Hollywood observers have had their eyes turned to Fox Studios, home of the maligned Fantastic Four reboot. The film opened last weekend to a dismal $26 million, well below studio estimates of $40 million and in second place at the box office amid the worst reviews for a superhero film in almost 20 years–since Batman & Robin. It may well set the standard for the nadir of the genre and become a punchline for years to come not unlike, well, the unreleased Roger Corman-produced Fantastic Four from the 1990s.
Fantastic Four reboot was doomed from the start
Shocking details continue to emerge regarding filming, with director Josh Trank set squarely in the line of fire. Trank, a promising director with only one film on his resume (acclaimed indie Chronicle) was maligned during filming amid reports of combative and erratic behavior, including $100,000 worth of damage to a rental home paid for by the studio. Moreover, reports of extensive studio-mandated reshoots were reportedly directed by producer Simon Kinberg, and according to one rumor, Kingsman director Matthew Vaughn. The reshoots were said to be difficult considering the schedule of the cast, with lead Miles Teller (himself the subject of a maligned Esquire interview) only able to film one day a week due to prior commitments. Reviews often criticized the obvious parts of the film shot after principal photography, with star Kate Mara’s hair changing to a different colored wig from shot to shot. Fox announced plans for a sequel ahead of the film’s release with X-Men director Bryan Singer tipped to helm the project. Trank, for his part, tweeted this ominous remark on Friday:
Trank’s tweet almost disappeared instantaneously, but not before going viral. New reports center on the tension between Fox and Trank, laying more blame on the studio. Fox reportedly would not approve casting until the eleventh hour and demanded script changes after shooting had begun. The rough cut that Trank mentioned in his tweet also contained at least 2 more action sequences which Fox demanded cut. Trank, who was set to direct a Star Wars spinoff film for Disney, found himself removed from the project this spring. His departure would seem less suspicious if the Fantastic Four reshoots hadn’t filmed around the same time, and if producer Simon Kinberg were not shepherding the Star Wars series at Disney.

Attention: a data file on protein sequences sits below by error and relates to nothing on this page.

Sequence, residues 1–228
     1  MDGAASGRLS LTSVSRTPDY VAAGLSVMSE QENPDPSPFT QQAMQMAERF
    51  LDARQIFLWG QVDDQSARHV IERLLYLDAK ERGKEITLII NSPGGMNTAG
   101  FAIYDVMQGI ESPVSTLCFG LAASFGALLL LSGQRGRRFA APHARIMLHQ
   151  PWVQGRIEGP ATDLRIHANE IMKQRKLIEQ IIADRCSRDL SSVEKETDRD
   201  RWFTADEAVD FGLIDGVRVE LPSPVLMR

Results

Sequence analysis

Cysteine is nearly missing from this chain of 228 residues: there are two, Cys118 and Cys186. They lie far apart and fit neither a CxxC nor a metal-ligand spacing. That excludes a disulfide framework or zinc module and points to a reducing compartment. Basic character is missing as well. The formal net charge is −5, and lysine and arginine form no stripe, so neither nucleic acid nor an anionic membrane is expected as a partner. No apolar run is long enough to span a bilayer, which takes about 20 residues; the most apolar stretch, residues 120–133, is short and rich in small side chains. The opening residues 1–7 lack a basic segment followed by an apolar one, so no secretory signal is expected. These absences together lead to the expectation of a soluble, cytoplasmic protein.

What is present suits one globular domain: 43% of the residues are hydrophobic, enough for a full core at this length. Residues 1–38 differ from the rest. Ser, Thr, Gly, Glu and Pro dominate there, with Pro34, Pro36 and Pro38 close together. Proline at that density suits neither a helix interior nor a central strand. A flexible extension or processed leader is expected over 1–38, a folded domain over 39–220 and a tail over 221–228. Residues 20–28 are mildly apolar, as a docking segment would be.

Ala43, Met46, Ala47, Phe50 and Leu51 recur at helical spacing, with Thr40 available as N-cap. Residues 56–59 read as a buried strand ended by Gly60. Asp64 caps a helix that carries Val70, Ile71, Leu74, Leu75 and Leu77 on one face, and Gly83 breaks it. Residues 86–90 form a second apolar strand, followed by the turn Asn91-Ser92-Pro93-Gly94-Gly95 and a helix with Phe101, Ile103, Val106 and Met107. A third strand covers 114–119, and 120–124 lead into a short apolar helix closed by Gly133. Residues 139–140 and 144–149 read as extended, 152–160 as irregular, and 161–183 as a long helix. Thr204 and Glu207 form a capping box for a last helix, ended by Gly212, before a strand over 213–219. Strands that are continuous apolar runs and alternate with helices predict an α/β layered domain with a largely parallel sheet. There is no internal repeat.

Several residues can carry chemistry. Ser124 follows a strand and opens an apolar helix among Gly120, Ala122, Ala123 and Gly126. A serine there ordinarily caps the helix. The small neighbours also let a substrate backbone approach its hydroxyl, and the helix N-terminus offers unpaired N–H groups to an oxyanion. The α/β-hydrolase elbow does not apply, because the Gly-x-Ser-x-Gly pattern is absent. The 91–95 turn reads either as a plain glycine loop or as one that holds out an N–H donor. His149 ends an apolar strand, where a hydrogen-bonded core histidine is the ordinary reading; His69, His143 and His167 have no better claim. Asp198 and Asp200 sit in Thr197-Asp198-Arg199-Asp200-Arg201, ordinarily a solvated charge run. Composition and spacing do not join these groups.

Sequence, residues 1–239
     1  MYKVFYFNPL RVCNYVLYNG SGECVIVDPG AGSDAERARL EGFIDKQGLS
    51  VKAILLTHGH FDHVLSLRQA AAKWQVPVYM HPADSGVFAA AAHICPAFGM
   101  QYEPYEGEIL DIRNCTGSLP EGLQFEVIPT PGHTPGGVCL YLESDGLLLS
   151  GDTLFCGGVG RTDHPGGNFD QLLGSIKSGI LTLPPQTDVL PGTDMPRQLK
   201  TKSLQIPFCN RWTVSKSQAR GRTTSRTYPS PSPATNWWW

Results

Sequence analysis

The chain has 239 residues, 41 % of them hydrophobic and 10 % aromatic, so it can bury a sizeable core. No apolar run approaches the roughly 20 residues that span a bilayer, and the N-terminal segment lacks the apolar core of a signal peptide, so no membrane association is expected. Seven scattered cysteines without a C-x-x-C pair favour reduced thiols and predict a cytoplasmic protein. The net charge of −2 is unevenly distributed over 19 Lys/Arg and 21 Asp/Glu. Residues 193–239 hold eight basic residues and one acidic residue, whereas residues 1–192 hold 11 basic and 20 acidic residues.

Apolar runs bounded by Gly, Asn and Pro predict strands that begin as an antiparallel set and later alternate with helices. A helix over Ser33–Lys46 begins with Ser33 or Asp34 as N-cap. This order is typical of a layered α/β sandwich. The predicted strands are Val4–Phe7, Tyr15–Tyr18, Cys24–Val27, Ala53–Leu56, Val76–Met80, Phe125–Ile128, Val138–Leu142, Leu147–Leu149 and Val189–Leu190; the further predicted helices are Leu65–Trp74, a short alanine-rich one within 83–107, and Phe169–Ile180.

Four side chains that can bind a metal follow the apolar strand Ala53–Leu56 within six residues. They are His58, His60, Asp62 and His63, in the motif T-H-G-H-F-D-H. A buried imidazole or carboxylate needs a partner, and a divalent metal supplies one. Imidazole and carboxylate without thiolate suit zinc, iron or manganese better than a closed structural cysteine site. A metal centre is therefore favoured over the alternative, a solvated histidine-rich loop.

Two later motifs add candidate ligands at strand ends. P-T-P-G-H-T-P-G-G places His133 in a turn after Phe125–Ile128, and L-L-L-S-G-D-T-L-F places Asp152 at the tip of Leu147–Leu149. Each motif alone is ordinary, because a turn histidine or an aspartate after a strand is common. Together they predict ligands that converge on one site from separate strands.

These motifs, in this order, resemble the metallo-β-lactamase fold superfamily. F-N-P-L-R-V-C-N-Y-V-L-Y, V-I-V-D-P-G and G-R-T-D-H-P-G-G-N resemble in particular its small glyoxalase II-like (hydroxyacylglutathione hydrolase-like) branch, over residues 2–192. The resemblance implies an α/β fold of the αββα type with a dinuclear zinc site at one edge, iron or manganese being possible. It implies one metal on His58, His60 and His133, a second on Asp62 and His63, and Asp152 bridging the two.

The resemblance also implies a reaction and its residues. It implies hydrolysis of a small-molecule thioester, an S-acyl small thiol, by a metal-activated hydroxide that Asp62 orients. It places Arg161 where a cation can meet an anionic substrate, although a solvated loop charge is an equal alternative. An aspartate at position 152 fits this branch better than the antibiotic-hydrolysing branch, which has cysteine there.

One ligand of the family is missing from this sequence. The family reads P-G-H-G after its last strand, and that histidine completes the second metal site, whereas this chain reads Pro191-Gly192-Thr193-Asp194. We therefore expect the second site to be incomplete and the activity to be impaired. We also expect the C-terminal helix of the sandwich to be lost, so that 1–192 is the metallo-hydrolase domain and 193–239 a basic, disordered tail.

Fox, for its part, has a history of meddling in tent-pole films, especially with greenhorn directors: Alien 3 saw massive infighting, with director/scribe Vincent Ward fired shortly before filming began and replaced with David Fincher. Fincher clashed with studio bosses, and Alien 3 made it to theaters a depressing, ugly, mess. X-Men: The Last Stand outraged X-Men fans and almost crippled the series–now Fox’s crown jewel–and was said to be the result of the studio rushing the project out of a grudge against Bryan Singer, who agreed to direct Superman Returns for Warner Bros. X-Men Origins: Wolverine did little to redeem the series, director Gavin Hood distancing himself from the film amid rumors that Richard Donner–husband of producer Lauren Schuler-Donner–had been flown in to override Hood’s authority. The finished film withered at the box office, and it was only after X-Men First Class that the franchise began to recover.
It seems that recovery isn’t in the cards for Fantastic Four, at least not at Fox, and not in the near future. The studio had teased a possible X-Men crossover, or having the two exist within an expanded cinematic universe. Over the weekend, the studio dialed back the crossover talk before denying it outright, suggesting instead an X-Men/Deadpool crossover–two major forthcoming franchise boosters for the studio. Ironically, the rush behind this Fantastic Four appears to parallel that of the Corman version of the early 90s: both were rushed into production not because of an audience for the material, but to prevent the film rights from reverting back to Marvel! It’s no secret that Disney/Marvel desperately wants access to the Fantastic Four universe, which contains characters like Dr. Doom and Silver Surfer, aliens like the Skrulls and Kree, and the world-crushing Galactus. So long as Fox retains the film rights, all these elements are off limits to Marvel. This incarnation of the Fantastic Four team came together just before the option was set to expire, and even with this flop version, Fox retains the rights for another 5-7 years. Marvel may yet get the characters back in a deal akin to a pact with Sony, which owned the rights to Spider-Man. Following last year’s flop of The Amazing Spiderman 2, Sony cut a deal with Disney/Marvel to give up claim to the character in exchange for a portion of profits from films that utilize the character in the Marvel Cinematic Universe. The same could happen with Fantastic Four, though should Fox decide to proceed with a sequel or yet another reboot, Marvel will have to keep their hands off. That said, if anyone is celebrating the release of this tragic Fantastic Four incarnation, it has to be Marvel, wringing their collective hands, plotting to add yet another Saturday morning cartoon to their slate of live-action film releases.